Glaucoma is a group of eye diseases in which a specific pattern of damage to the optic nerve, located in the back of the eye, results in loss of eyesight. Peripheral vision is affected first. However, while loss of sight can be stopped, it can't be reversed, and if Glaucoma is not treated, total blindness can occur over time.
Glaucoma may develop after an eye injury, after eye surgery, from the growth of an eye tumor, or as a complication of a medical condition such as Diabetes. Certain drugs (corticosteroids) may cause Glaucoma when they are used to treat eye inflammation or other diseases. Glaucoma that develops as a result of another condition is called secondary Glaucoma.
Some people are more likely to develop Glaucoma than others. At high risk are African-Americans related to someone with Glaucoma, Caucasians over 50 years old and African Americans over 35, and the very nearsighted.
There are three basic types of Glaucoma. Open-Angle Glaucoma (OAG) is the most common form of Glaucoma in the United States. In this type, the optic nerve is slowly damaged causing gradual loss of vision. Both eyes can be affected at the same time, although one may be affected more than the other. People may experience some loss of eyesight before noticing the condition.
Closed-angle Glaucoma (CAG) is less common, about 10% of all Glaucoma cases in the United States. Symptoms include sudden blurred vision with pain and redness sometimes accompanied by nausea and vomiting. In closed-angle Glaucoma, the colored part of the eye (iris) and the lens block the movement of fluid between the chambers of the eye, causing pressure to build up and the iris to press on the drainage system (trabecular meshwork) of the eye. One type, acute closed-angle Glaucoma, is often an emergency situation and needs immediate medical care to prevent permanent damage to the eye.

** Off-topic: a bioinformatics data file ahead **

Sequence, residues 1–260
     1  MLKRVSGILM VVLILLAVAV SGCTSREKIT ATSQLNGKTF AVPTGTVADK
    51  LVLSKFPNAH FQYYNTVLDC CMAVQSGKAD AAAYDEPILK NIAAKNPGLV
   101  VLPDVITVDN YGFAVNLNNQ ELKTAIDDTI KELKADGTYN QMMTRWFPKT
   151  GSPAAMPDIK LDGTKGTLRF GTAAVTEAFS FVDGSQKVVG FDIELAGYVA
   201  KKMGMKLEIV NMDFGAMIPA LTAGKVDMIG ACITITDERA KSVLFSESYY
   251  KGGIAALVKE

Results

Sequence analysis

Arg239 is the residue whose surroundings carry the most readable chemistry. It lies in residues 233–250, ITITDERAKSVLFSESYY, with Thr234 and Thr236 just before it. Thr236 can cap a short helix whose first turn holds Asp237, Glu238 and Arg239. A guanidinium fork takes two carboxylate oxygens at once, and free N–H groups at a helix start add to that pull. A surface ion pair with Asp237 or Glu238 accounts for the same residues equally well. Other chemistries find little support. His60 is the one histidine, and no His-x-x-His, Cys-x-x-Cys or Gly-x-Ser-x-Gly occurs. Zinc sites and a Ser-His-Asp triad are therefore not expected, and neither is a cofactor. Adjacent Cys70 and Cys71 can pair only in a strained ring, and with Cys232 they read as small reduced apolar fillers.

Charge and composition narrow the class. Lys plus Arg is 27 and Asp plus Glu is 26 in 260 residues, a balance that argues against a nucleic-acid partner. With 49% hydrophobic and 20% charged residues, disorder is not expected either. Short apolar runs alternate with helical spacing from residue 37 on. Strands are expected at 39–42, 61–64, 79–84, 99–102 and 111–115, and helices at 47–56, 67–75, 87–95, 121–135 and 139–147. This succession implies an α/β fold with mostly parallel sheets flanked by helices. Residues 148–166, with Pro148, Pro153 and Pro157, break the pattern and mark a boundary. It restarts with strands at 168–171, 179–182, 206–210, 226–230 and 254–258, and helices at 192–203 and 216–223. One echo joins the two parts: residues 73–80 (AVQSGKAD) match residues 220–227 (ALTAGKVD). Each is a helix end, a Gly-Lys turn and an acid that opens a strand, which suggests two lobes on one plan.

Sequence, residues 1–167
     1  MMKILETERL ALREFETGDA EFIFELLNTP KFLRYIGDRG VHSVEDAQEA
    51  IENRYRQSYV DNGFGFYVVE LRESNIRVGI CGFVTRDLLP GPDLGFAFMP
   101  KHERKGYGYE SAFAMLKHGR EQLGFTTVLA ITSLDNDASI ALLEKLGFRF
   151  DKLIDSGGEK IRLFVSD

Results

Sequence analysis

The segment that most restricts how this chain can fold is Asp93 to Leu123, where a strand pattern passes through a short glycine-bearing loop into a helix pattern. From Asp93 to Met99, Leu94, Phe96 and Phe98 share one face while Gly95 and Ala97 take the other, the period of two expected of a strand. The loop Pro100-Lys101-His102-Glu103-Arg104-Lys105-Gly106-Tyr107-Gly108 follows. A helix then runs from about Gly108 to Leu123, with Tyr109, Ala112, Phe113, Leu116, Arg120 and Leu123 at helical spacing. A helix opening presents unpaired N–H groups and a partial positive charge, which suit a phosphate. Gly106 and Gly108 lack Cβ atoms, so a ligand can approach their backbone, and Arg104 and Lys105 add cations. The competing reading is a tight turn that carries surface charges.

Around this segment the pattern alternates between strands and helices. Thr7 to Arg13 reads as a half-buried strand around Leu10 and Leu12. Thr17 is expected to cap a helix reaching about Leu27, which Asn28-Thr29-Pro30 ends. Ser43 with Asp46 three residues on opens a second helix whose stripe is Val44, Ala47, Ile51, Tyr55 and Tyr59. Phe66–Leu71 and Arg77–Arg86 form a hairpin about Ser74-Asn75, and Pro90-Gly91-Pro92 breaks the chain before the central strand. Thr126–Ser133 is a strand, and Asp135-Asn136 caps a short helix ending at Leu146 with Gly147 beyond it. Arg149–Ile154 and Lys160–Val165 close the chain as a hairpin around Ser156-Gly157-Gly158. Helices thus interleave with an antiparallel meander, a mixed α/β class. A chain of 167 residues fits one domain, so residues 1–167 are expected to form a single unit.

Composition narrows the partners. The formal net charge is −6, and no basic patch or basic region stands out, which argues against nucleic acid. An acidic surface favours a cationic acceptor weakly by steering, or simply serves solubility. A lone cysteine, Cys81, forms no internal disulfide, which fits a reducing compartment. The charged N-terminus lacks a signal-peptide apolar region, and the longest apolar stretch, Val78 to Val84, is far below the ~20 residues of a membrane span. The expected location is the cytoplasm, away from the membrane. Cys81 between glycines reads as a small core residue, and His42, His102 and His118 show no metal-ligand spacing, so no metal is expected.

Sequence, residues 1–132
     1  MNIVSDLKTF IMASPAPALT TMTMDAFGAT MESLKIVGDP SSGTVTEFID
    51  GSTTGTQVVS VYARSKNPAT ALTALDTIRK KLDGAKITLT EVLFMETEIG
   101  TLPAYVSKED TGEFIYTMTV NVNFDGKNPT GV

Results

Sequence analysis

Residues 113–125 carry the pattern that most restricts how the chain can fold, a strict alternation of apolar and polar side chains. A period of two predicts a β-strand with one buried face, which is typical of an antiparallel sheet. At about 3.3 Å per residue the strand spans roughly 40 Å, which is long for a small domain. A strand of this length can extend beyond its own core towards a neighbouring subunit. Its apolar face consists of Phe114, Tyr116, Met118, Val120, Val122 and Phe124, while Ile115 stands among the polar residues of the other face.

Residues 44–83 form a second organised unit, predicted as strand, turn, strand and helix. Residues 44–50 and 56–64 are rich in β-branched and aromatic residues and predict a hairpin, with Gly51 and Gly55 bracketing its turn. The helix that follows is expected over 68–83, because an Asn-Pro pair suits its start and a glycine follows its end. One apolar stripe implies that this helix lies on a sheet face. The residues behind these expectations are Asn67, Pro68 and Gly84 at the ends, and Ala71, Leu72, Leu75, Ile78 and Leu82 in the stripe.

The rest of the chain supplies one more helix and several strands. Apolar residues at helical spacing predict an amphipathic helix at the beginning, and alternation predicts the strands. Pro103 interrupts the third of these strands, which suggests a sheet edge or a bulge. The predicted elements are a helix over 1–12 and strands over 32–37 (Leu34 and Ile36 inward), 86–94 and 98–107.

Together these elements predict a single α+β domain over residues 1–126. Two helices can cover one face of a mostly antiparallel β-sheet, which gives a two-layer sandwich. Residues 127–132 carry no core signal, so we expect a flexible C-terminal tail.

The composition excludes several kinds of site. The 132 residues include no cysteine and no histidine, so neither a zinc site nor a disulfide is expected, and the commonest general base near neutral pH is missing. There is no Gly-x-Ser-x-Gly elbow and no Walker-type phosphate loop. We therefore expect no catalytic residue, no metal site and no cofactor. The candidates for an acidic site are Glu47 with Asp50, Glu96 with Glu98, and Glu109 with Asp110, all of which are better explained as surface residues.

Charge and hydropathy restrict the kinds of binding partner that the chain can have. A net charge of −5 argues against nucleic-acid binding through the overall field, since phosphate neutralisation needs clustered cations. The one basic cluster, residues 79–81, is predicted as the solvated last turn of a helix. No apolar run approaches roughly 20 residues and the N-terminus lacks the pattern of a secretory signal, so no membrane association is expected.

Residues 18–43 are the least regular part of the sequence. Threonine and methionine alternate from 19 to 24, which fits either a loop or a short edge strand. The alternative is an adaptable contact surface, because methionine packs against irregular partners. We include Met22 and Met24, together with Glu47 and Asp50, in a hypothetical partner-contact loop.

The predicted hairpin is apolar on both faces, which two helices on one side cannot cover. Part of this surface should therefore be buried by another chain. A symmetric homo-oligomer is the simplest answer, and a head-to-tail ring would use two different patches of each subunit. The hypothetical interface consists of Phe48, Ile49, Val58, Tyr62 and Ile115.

Congenital Glaucoma (also called infantile Glaucoma) is a rare form of Glaucoma that is present in some infants at birth or within the first few years of life. Infants with Glaucoma usually have cloudy eyes that are sensitive to light and have excessive tearing. Symptoms may not develop until 6 months to 1 year after birth. If the problem is not detected early and treated, the child may have severe vision loss and may go blind. People between the age of 3 years and young adulthood can develop a similar type of Glaucoma called juvenile Glaucoma.
Early diagnosis and treatment for Glaucoma can prevent serious loss of vision and blindness so it's important that everyone needs to be checked for Glaucoma. And people at high risk for Glaucoma need to be checked by an eye care professional even if they have no symptoms of the condition. Glaucoma is usually treated with medications however laser treatment or surgery is often needed.
Individuals who experience reduced vision can use vision aids, develop a support network, and receive counseling and training to help them cope with their reduced vision and maintain their quality of life as much as possible. Contact your eye care professional for more information.